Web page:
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Cell Phone Use and Texting While Driving Laws by State
Author: XpertHR Editorial Team
Virtually every state has enacted a distracted driving law restricting the use of a cell phone while driving. These laws affect employees, workplace policies and business operations. Employers with employees who are likely to use a cell phone while driving for work-related purposes will limit potential liability and promote employee safety by being aware of and educating employees about these state laws and ensuring that all workplace policies and practices are compliant.
The federal Occupational Safety and Health Administration (OSHA) has indicated that it is an employer's responsibility and legal obligation to have a clear, unequivocal and enforced policy against texting while driving. OSHA fines employers that appear to encourage their employees to use cell phones while driving contrary to the law.
The distracted driving laws vary from state to state. For example, some states ban the use of handheld cell phones to talk and text while driving, while others only prohibit drivers from texting. Other states specifically allow the use of a cell phone in hands-free mode.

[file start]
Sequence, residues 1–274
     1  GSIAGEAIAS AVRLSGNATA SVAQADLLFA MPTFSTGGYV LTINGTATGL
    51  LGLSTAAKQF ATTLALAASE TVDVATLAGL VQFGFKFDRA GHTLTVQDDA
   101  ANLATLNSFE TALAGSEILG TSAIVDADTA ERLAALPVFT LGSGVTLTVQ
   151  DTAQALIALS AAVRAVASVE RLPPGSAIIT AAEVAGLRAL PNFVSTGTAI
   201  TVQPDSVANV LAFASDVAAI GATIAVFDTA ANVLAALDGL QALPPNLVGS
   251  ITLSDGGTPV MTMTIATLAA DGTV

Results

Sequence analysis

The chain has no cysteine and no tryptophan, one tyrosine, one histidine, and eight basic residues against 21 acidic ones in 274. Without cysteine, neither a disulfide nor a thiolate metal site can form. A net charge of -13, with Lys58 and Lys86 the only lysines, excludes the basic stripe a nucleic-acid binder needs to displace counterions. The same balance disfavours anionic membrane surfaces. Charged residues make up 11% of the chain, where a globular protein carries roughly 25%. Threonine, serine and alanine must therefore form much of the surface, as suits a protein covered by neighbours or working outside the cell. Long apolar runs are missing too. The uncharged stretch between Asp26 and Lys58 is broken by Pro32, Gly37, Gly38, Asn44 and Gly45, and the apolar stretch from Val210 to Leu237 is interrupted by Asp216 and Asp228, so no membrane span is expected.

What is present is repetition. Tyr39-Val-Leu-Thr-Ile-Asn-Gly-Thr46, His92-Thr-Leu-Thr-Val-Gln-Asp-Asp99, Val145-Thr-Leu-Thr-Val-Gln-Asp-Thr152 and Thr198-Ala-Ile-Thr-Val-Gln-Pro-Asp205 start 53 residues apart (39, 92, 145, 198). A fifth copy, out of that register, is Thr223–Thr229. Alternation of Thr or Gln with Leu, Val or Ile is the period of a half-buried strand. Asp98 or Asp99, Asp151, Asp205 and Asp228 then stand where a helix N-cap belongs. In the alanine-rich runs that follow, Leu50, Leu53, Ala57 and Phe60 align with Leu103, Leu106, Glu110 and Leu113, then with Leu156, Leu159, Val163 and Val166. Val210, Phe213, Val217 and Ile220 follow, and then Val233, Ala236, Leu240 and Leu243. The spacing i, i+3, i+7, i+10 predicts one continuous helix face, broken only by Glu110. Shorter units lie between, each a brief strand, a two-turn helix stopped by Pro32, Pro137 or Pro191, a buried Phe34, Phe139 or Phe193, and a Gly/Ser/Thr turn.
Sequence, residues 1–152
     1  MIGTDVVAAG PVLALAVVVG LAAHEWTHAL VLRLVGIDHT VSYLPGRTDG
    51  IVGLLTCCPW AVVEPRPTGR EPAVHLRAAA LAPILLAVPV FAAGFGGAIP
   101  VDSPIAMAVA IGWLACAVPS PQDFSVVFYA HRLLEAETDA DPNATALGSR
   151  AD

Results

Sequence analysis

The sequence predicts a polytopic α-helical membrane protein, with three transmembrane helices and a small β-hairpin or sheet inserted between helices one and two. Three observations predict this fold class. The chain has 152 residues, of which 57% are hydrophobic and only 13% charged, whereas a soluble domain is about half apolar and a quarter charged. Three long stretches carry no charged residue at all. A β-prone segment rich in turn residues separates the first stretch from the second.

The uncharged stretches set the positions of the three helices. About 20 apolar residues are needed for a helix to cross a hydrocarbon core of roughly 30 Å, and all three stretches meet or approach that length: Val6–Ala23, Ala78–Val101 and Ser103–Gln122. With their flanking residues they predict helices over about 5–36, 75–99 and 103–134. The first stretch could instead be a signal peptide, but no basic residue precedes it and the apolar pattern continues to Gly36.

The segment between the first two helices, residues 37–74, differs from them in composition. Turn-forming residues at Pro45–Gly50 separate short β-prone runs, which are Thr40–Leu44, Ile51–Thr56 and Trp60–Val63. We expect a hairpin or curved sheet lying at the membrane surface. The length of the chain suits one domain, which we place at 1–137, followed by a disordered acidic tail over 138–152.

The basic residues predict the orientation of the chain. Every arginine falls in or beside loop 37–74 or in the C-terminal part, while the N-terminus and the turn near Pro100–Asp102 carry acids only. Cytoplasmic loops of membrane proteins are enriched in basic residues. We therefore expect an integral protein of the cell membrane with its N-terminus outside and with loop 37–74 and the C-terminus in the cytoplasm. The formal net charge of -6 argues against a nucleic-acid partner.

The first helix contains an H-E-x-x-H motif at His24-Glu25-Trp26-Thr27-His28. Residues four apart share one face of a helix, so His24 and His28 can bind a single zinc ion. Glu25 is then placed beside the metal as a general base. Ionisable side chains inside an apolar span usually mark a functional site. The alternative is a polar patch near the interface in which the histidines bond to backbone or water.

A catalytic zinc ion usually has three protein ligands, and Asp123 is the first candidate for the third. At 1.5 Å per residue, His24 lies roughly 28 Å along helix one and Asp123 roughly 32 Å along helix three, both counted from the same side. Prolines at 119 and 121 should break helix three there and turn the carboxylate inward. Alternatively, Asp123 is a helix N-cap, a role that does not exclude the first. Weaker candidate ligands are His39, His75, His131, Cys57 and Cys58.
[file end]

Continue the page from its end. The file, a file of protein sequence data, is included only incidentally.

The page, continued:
The following chart indicates the state laws that ban the use of handheld cell phones to talk or text while driving. Some states may have laws specifically addressing the use of cell phones by novice (e.g., minors), bus or commercial drivers that are not included in this chart. Some states may also have local laws that impose additional restrictions that are not included on this chart.
Table cells are marked "No" where the statutes or regulations are silent, or where they do not restrict the use of a cell phone while driving.
The chart also provides links to any state employee handbook statements that relate to cell phone use and texting while driving.